SICKEN AND SO DIE by Simon Brett

SICKEN AND SO DIE

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KIRKUS REVIEW

 Shabby actor-sleuth Charles Paris feels a bit cheerier than usual as this 16th outing begins (A Reconstructed Corpse, 1994, etc.). He's gotten a great Shakespearean role at least--Sir Toby Belch--even if this Twelfth Night is just a sturdy, conventional, touring production. Also, he's living again with estranged wife Frances, even drinking less. Midway through rehearsals, however, things turn grim. The director falls ill (poisoned?) and is replaced by Romanian ``boy wonder'' Alexandru Radulescu--who, to Charles's horror, adds sitar music, casts a tubby West Indian as Sir Andrew Augecheek, and along with some superb visual ideas, adds a slew of radical/trendy gimmicks. (``You will have a `Guns and Roses' T-shirt under your doublet. That would certainly offend Malvolio.'') Then the Viola, a onetime TV star, dies from a lethal injection during the rainy dress rehearsal at an outdoor arts festival. And soon Charles is sleuthing (and boozing) again, convinced that there's been a murderous conspiracy to turn the show into the ultimate gender-bender. Rather feebly plotted, this is hardly prime Brett--but for unpretentious readability he's hard to beat, especially with a few choice send-ups (the ``festival'' racket, politically correct ``artspeak'') and the endearing ups and downs of poor old Charles. (Mystery Guild alternate selection)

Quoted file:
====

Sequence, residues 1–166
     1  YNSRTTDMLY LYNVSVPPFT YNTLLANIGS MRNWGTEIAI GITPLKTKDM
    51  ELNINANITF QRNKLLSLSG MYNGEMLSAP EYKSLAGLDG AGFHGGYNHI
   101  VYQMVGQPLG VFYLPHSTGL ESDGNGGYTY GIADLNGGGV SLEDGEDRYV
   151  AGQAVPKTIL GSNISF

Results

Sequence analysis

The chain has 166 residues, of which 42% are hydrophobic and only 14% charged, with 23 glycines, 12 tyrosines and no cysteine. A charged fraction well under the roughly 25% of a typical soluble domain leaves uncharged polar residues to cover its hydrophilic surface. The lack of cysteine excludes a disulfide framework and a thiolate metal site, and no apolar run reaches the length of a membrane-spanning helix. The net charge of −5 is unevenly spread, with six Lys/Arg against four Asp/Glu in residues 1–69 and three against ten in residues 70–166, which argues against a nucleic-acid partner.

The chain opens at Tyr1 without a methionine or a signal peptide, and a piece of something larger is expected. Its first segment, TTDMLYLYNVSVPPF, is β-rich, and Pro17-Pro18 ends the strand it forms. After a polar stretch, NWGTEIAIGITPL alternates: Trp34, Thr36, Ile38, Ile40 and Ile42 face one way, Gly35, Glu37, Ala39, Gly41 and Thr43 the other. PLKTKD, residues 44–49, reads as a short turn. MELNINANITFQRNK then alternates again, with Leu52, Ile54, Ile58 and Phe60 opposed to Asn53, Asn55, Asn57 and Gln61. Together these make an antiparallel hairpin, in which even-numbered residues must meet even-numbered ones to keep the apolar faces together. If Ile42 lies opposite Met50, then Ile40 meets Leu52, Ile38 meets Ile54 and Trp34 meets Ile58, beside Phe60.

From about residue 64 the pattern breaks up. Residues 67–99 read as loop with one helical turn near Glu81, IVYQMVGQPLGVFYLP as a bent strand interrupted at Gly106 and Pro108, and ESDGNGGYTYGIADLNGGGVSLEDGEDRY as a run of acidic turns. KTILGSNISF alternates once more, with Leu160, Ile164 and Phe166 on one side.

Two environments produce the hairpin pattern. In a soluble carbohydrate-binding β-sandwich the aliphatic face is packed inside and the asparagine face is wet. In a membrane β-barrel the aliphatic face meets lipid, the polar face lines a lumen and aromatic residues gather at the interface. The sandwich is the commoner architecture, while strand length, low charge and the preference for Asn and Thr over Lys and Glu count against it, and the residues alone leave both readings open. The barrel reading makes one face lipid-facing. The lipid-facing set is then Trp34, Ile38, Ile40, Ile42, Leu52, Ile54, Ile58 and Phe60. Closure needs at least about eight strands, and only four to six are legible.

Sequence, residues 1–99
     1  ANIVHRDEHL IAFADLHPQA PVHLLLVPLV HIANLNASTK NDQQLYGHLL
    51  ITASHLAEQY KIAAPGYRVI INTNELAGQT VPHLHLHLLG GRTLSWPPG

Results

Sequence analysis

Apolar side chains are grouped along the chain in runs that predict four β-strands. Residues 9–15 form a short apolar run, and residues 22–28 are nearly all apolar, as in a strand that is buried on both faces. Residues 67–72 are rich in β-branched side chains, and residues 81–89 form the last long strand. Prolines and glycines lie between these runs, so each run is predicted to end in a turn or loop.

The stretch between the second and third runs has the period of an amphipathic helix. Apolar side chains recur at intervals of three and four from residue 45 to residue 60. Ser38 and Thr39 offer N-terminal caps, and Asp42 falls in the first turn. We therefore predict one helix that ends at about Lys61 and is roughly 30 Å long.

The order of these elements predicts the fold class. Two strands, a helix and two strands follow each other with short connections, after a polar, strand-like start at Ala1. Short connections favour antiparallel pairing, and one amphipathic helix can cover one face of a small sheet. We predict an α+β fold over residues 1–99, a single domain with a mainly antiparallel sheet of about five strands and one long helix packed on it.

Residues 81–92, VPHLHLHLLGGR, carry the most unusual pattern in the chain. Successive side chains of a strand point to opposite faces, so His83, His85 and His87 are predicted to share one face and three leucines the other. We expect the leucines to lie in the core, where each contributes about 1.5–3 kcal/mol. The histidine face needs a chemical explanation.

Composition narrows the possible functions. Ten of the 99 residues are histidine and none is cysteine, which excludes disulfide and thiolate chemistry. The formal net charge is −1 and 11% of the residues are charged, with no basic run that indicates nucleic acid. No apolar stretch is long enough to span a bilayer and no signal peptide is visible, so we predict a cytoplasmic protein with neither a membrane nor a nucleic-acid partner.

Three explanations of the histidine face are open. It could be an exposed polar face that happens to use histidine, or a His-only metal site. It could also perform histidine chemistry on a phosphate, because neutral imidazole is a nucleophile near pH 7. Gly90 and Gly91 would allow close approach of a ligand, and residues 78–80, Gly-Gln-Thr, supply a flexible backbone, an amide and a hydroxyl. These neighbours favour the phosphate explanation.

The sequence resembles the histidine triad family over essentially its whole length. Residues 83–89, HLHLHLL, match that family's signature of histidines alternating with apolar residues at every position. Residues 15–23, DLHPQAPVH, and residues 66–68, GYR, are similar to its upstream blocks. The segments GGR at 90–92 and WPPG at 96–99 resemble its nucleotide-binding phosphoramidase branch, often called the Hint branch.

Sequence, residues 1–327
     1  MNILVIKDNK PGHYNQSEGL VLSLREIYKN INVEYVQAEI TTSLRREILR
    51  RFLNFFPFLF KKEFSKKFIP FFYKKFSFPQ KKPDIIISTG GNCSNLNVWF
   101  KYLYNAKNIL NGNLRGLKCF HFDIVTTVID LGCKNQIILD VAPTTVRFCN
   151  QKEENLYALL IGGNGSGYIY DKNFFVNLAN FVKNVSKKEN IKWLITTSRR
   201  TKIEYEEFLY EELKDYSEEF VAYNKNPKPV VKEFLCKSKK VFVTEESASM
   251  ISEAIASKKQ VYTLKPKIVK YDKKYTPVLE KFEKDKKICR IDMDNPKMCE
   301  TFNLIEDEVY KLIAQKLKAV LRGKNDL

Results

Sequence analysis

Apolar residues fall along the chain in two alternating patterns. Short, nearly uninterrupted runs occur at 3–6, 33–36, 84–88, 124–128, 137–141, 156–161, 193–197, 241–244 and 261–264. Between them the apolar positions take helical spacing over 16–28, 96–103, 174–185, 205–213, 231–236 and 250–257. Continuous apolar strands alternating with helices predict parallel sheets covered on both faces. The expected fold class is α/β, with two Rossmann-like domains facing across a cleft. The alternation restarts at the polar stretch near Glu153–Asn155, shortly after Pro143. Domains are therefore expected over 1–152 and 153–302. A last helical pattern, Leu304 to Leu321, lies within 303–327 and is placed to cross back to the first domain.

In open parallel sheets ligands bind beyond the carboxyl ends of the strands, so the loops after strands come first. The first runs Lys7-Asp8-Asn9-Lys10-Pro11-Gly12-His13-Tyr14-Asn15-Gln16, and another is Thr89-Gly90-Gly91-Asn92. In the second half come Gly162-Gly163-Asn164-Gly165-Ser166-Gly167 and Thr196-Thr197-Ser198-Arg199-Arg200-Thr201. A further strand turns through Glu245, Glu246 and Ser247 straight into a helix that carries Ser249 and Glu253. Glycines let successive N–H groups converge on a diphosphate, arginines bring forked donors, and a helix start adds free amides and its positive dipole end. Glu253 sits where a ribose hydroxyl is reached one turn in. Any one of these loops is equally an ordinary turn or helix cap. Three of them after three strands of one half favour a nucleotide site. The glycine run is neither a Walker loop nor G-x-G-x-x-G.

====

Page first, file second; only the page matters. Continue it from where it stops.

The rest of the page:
Pub Date: Jan. 1st, 1997
ISBN: 0-684-82459-0
Page count: 208pp
Publisher: Scribner
Review Posted Online:
Kirkus Reviews Issue: Oct. 15th, 1996




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